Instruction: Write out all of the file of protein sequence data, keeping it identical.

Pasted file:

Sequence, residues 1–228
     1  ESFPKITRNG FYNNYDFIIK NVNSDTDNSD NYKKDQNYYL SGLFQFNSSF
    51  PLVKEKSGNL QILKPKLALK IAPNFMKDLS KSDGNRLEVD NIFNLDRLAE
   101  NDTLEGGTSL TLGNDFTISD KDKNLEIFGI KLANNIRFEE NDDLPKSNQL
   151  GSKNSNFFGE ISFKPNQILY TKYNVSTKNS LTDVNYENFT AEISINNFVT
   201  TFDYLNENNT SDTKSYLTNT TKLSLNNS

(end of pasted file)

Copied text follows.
Sequence, residues 1–228
     1  ESFPKITRNG FYNNYDFIIK NVNSDTDNSD NYKKDQNYYL SGLFQFNSSF
    51  PLVKEKSGNL QILKPKLALK IAPNFMKDLS KSDGNRLEVD NIFNLDRLAE
   101  NDTLEGGTSL TLGNDFTISD KDKNLEIFGI KLANNIRFEE NDDLPKSNQL
   151  GSKNSNFFGE ISFKPNQILY TKYNVSTKNS LTDVNYENFT AEISINNFVT
   201  TFDYLNENNT SDTKSYLTNT TKLSLNNS